The Sarabite: Towards an Aesthetic Christianity

There is a continuous attraction, beginning with God, going to the world, and ending at last with God, an attraction which returns to the same place where it began as though in a kind of circle. -Marsilio Ficino

Tuesday, February 21, 2006

Ad orientem


Prayer is the highest form of human activity. So why is it that modern man, so advanced in so many things, simply cannot pray correctly? Why does modern man feel that he must face himself when he prays to God?

I have been involved with traditional Catholics, traditional Anglicans, and all sorts of Eastern Churches, and the one thing they have in common is that the priest "has his back to the people"? If, however, this is so wrong and insulting, why did Christians for most of the history of Christianity feel that this was the way in which God must be worshiped? Why is it that the only Christians in the world who continue to pray in this way are considered extremists, traditionalists, or just closed-minded? Why is it that most modern Christians (Protestants and Western Catholics) want to turn around and face each other when they pray? Is facing liturgical East for prayer a doomed practice, a remnant of a more backward time?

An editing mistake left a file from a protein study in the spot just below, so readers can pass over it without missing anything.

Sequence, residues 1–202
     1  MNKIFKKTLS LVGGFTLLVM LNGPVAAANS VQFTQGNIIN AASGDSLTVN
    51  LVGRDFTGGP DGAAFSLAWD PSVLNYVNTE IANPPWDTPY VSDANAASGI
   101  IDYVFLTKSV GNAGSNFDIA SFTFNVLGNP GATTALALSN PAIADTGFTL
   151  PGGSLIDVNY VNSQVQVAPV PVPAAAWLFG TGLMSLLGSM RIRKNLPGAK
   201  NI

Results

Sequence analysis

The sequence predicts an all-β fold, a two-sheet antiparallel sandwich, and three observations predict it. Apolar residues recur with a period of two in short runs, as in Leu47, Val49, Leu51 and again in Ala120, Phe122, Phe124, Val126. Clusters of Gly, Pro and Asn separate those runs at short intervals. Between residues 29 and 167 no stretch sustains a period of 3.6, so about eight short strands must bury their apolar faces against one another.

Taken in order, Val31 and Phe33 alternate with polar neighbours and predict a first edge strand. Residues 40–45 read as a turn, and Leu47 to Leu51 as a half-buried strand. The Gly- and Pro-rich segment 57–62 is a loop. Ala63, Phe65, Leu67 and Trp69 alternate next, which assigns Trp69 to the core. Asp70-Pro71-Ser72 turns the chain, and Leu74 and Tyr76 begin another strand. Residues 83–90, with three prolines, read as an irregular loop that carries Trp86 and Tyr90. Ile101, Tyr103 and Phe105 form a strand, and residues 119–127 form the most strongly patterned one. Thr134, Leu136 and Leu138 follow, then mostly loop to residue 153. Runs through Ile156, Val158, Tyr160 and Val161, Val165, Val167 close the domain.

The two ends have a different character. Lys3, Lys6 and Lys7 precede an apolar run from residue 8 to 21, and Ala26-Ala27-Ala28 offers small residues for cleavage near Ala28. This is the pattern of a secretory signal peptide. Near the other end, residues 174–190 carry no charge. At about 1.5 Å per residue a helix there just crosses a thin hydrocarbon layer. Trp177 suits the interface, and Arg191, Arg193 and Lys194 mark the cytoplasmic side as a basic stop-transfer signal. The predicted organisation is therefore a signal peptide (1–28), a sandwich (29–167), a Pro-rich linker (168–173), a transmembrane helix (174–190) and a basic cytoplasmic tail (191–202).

I grew up having to face Fr. Bob during Mass, but I feel strongly about facing (liturgical) East for prayer. Am I just a weirdo, trying to return to an outdated tradition that is destined to die the death? Or is most of the Christian world wrong?

2 Comments:

At 6:02 AM, Blogger J. Gordon Anderson said...

You're not weird; you are absolutely correct in my judgement. My feeling is that the priest leads the congregation and acts as that sacramental 'interface' between God and man, so he turns to them when talking to them ("The Lord be with you."), and back to the altar when talking to God - either for himself or for everyone. Everyone is praying, adoring, and worshipping the same God, so everyone should be facing the same way. It's an "aesthetic"/theological statement!

 
At 12:37 PM, Blogger Adam said...

No, I'm with you and Gordon on this. I grew up with a Lutheran and later Episcopalian service in which the altar was ad populum, and I never knew any different. Now I cannot deal with it. It's simply awful, IMHO. Yuk. Face GOD when you pray, not people. I could repeat all the arguments for it ad nauseum, but what's the point?

 

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